An examination of sugar-sweetened beverage tax regulations in six jurisdictions: applying a social justice perspective to beverage taxation and exemptions
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University of Manitoba, Canada
Athabasca University, Canada
University of New Brunswick, Canada
Publication date: 2023-04-27
Popul. Med. 2023;5(Supplement):A1656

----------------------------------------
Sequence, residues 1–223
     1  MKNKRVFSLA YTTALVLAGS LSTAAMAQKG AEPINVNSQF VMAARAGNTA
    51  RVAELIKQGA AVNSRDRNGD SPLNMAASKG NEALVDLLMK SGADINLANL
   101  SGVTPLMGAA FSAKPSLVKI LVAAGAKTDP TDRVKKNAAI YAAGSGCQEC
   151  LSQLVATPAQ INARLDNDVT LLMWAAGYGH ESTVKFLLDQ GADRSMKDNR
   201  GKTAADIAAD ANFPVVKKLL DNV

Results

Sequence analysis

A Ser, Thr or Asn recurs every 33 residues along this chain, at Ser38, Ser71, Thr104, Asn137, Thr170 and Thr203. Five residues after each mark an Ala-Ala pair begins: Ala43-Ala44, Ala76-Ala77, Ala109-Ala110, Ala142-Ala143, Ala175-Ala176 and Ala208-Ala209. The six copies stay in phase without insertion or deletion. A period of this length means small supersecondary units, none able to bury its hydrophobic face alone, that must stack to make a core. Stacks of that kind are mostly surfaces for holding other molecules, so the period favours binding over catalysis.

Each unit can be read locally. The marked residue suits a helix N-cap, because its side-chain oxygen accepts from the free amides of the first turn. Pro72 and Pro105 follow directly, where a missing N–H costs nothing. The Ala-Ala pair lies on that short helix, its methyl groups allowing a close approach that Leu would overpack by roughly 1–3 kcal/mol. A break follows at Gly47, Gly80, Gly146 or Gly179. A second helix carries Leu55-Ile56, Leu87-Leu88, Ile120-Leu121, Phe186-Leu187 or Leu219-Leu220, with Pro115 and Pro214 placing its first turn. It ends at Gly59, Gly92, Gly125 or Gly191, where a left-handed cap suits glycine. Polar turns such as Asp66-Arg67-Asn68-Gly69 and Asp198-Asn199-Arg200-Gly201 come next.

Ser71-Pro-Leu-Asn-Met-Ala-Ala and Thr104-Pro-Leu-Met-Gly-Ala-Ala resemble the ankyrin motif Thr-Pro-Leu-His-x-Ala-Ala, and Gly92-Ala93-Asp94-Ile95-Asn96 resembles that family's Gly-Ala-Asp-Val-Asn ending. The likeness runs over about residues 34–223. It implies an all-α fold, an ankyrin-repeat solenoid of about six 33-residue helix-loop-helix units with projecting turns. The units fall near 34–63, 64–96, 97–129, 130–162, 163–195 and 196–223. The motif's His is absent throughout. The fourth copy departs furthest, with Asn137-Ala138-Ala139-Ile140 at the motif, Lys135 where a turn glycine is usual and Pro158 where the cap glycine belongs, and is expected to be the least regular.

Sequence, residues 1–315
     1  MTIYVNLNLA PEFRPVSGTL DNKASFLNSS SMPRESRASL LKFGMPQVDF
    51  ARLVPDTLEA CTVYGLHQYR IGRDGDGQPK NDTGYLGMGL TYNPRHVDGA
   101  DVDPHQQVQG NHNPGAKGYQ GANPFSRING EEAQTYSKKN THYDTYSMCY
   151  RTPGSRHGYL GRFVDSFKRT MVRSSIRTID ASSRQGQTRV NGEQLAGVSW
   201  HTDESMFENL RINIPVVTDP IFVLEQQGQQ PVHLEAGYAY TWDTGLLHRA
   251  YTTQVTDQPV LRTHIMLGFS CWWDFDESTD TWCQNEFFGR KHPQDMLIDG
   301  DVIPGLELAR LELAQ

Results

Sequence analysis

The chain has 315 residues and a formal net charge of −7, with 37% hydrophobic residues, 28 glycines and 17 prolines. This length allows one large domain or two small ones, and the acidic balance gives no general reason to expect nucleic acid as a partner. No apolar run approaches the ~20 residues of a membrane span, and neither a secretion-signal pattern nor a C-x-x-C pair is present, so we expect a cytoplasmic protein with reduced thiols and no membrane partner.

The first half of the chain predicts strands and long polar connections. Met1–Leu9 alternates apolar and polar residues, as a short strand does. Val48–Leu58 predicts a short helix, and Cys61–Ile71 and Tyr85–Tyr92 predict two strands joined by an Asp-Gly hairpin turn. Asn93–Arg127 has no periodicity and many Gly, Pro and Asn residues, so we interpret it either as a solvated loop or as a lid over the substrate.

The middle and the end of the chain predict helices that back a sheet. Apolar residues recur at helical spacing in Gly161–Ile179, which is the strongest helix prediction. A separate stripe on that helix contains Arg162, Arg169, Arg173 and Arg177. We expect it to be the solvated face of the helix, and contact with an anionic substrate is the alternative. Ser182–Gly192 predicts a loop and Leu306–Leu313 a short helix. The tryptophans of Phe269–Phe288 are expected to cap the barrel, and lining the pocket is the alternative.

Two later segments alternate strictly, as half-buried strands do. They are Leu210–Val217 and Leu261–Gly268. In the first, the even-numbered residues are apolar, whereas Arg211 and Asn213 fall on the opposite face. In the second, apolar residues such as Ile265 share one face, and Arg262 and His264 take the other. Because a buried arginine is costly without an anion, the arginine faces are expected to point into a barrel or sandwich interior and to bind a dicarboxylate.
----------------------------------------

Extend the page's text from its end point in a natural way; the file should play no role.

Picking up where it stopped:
Background and Objective: Taxes, legislation, and politics are social determinants of health, which impact health through multiple pathways. Globally, sugar-sweetened beverages (SSB) are increasingly taxed as a public health measure, despite criticism that excise taxes are regressive. The purpose of this study was to review laws and regulations regarding taxation of SSB, and describe how various jurisdictions determine applicable taxes to meet their respective legislative objectives. Methods: We reviewed SSB taxation schemes from Berkeley, Mexico, Philadelphia, San Francisco, South Africa, and the United Kingdom. A comparative review of supplementary government documents and academic publications helped differentiate rationales for taxation, exemption or zero-rating of beverages. Beverage categories selected reflect availability of similar beverages in Canada and the US. Results: Several beverage types fell clearly into typically taxed or exempt/zero-rated categories across all six jurisdictions (e.g. pop/soda as taxed and water as zero-rated). However, no two sets of regulations were the same, regardless of having similar legislative objectives – to reduce consumption of SSB. Exemptions and ambiguities within the six jurisdictions can generally be grouped lacking clarity regarding the meaning and use of milk; the meaning of ‘medical purposes’ and ‘supplemental’; the point at which a beverage is ‘prepared’; the form of concentrate (i.e. liquid/frozen/powder) or medium used (e.g. water, coffee); and the location of preparation (e.g. pre-prepared or point-of-sale) or business size of retailer. Conclusions: SSB tax regimes are complex, unclear, vary across jurisdiction, and unexplainably omit from taxation several added-sugar beverage types, potentially risking legal challenge. In addition, other research suggests tax complexity is associated with tax avoidance, diminished perceptions of equity and fairness, and increased regressive tax administrative and compliance costs, potentially amplifying negative impacts of SSB taxation on social determinants of health. Lastly, tax exemptions generally reflect and perpetuate existing, already inequitable, political dynamics within the food system.